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The Unbreakable Hockey Stick



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  1. 1. Should the NHL use Unbreakable Hockey Sticks?

    • Yes
    • No

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Just in time for Christmas.....


Will the unbreakable hockey stick have a future in the NHL?




Palumbo read a National Post article on Integran Technologies, which electroforms nanocrystalline metals to manufacture products used in aerospace and medical devices. Integran coated a ping pong ball in a thin layer of its silvery nano material, making it able to withstand the weight of a grown man while maintaining its light weight.
“If they can put this coating on a ping pong ball, why not a hockey stick?” thought Palumbo, whose ball-hockey-playing friends were going through a few $250 composites per week in hack-happy rec leagues.
The blade and bottom third of the shaft was coated in the nano material, strengthening what is known as the “hack zone” and thus preventing microfractures – tiny stress cracks that eventually lead to full-on breaks later — to form farther up the shaft. After lab-testing for flex, durability and impact (“You can stand on it with a skate blade, and it won’t break,” Palumbo says), machines mimicked slap shots with the prototypes before they got into the mitts of actual pro and junior players.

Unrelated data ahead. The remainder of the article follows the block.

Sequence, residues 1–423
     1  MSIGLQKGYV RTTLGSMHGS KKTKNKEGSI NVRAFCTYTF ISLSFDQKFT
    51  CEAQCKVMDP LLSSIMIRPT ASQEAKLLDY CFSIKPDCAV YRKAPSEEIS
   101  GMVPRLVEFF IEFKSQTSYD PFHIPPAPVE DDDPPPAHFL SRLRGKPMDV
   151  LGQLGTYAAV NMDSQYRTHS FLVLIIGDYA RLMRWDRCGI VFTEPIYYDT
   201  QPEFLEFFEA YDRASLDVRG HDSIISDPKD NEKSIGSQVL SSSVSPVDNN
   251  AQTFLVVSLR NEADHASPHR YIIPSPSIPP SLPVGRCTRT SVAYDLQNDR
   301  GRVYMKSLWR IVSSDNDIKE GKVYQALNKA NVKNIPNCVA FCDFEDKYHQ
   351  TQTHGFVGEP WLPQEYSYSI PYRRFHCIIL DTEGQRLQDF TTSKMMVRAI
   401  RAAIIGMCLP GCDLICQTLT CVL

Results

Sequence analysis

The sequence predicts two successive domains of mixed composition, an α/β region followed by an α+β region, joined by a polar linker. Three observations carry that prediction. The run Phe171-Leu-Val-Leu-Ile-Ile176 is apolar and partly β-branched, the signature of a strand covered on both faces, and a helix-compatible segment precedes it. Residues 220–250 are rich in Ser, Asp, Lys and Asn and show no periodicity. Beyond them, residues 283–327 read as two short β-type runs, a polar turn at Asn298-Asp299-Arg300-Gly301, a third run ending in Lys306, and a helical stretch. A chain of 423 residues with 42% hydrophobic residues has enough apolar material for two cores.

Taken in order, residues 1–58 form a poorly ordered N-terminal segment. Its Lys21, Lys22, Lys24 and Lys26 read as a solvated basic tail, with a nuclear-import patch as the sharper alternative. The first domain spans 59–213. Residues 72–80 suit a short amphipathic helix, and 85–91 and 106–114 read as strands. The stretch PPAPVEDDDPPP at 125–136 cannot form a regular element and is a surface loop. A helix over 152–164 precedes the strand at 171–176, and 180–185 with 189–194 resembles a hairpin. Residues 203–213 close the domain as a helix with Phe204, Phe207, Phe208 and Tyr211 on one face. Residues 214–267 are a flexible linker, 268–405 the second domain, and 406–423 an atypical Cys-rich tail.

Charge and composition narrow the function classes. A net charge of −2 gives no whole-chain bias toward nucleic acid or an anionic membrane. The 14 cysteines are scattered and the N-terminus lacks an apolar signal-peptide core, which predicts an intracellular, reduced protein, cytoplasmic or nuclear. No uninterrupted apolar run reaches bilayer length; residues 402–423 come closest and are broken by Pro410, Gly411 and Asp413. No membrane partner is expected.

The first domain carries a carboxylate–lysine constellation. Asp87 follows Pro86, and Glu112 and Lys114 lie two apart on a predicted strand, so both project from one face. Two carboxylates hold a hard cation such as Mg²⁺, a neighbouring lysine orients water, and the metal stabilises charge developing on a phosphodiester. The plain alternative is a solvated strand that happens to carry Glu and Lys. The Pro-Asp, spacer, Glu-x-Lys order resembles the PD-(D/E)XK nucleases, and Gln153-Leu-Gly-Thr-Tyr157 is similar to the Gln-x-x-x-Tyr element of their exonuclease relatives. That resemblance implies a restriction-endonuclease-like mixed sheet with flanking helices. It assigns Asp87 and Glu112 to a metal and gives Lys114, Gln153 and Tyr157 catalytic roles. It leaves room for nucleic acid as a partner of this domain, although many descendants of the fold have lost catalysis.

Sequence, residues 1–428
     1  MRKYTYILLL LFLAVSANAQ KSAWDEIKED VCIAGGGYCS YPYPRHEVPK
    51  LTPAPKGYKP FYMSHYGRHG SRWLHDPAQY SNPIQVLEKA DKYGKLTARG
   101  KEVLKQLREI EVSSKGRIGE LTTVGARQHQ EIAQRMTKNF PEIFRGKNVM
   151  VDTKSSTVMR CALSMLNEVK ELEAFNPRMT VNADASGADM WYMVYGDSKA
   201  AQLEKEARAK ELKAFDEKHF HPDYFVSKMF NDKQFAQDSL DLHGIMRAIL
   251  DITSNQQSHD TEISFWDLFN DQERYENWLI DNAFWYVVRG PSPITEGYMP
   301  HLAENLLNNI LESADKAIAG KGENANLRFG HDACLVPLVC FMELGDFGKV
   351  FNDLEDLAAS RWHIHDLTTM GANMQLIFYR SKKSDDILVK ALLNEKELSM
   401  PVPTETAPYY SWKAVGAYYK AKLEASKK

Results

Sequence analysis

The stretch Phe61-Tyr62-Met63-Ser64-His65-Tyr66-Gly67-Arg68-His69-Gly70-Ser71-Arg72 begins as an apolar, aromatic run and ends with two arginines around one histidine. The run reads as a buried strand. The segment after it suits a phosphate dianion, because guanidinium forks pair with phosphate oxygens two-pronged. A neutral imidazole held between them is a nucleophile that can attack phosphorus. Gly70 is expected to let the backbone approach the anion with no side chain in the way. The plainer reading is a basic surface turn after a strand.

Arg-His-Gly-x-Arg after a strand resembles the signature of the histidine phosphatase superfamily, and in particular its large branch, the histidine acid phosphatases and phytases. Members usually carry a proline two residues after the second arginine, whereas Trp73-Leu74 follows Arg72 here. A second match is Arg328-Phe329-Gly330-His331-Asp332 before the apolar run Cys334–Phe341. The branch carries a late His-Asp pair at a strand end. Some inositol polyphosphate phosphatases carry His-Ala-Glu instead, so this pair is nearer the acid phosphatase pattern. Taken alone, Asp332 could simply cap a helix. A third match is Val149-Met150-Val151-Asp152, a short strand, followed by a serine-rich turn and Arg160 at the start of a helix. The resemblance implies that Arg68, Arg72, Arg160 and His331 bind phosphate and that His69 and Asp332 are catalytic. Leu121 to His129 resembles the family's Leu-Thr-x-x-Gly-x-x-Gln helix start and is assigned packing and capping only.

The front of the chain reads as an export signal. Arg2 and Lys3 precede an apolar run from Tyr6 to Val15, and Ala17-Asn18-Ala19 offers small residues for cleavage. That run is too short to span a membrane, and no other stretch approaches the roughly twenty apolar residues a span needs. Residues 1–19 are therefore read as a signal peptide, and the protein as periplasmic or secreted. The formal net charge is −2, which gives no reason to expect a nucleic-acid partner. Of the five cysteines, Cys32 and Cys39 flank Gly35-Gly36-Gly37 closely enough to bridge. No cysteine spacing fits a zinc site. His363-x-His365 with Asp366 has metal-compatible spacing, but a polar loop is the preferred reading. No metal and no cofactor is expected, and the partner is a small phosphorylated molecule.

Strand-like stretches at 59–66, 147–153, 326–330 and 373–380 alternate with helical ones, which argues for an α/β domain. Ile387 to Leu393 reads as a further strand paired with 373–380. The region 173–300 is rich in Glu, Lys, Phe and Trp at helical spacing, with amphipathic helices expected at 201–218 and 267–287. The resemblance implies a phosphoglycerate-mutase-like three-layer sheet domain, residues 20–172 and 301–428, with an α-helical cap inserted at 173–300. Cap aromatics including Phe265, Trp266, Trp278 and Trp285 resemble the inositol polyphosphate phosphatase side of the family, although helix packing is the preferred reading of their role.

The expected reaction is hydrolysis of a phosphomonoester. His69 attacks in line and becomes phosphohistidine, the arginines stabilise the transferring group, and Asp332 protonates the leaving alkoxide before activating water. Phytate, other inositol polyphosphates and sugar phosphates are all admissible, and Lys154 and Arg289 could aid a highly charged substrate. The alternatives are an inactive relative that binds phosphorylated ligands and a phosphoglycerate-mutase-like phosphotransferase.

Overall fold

“We had people logging 1,000 slap shots per hour on this thing, and we did not experience any damage or deadening of the shaft, which is what happens with a lot of the composites,” Palumbo says.
Colt tagged several players to put one stick through 10,000 hours of use – still, the flex and pop did not deteriorate whatsoever.
The Colt has now gone through 22 different iterations, is about to begin production in a couple weeks, and plans to start shipping to those NHLers (and Johnny Beer League) by mid-December for a retail sticker of $269.99, a price Palumbo says is competitive with the elite composites on the market.




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As a parent with 2 kids playing, this is awesome.  My only question is how does it NOT affect the flex of a hockey stick?  

Did you watch the video? The stick is only covered from the "slash section" down. I am curious as to how the new properties of the stick perform over all...more or less torque/possibly more injuries/etc....


and as a side note, if that were on axe or chopping maul handles it would definitely be a plus....

Edited by flyerrod
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